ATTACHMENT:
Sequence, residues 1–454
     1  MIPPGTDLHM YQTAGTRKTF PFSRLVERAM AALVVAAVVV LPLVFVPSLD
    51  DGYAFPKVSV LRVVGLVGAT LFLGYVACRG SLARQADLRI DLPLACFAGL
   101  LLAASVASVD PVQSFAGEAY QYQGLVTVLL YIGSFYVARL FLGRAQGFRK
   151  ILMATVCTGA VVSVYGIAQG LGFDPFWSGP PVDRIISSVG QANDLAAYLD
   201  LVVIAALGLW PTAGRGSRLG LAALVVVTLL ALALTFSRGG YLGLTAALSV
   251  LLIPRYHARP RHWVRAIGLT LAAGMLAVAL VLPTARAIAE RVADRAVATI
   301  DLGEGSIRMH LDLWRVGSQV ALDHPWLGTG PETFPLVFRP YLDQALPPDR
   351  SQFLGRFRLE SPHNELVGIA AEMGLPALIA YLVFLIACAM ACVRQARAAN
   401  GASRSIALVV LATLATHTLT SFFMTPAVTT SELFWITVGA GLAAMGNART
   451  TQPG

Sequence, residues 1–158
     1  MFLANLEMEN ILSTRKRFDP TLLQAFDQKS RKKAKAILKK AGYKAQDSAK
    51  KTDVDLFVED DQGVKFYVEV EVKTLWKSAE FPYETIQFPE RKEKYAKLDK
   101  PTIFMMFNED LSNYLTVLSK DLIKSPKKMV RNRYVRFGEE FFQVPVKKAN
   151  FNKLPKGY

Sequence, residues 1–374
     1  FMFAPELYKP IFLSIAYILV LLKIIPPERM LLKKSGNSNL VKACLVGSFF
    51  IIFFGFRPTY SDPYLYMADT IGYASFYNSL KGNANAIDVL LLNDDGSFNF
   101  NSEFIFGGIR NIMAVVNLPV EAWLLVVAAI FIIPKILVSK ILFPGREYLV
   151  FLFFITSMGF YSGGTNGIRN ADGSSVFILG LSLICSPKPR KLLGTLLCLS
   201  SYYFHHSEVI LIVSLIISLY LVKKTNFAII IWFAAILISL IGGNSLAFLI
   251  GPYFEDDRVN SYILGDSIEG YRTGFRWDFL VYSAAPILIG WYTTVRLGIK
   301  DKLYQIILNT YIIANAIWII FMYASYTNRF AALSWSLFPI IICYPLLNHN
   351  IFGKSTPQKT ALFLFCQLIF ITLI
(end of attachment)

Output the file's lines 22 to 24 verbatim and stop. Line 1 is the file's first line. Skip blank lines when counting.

   201  SYYFHHSEVI LIVSLIISLY LVKKTNFAII IWFAAILISL IGGNSLAFLI
   251  GPYFEDDRVN SYILGDSIEG YRTGFRWDFL VYSAAPILIG WYTTVRLGIK
   301  DKLYQIILNT YIIANAIWII FMYASYTNRF AALSWSLFPI IICYPLLNHN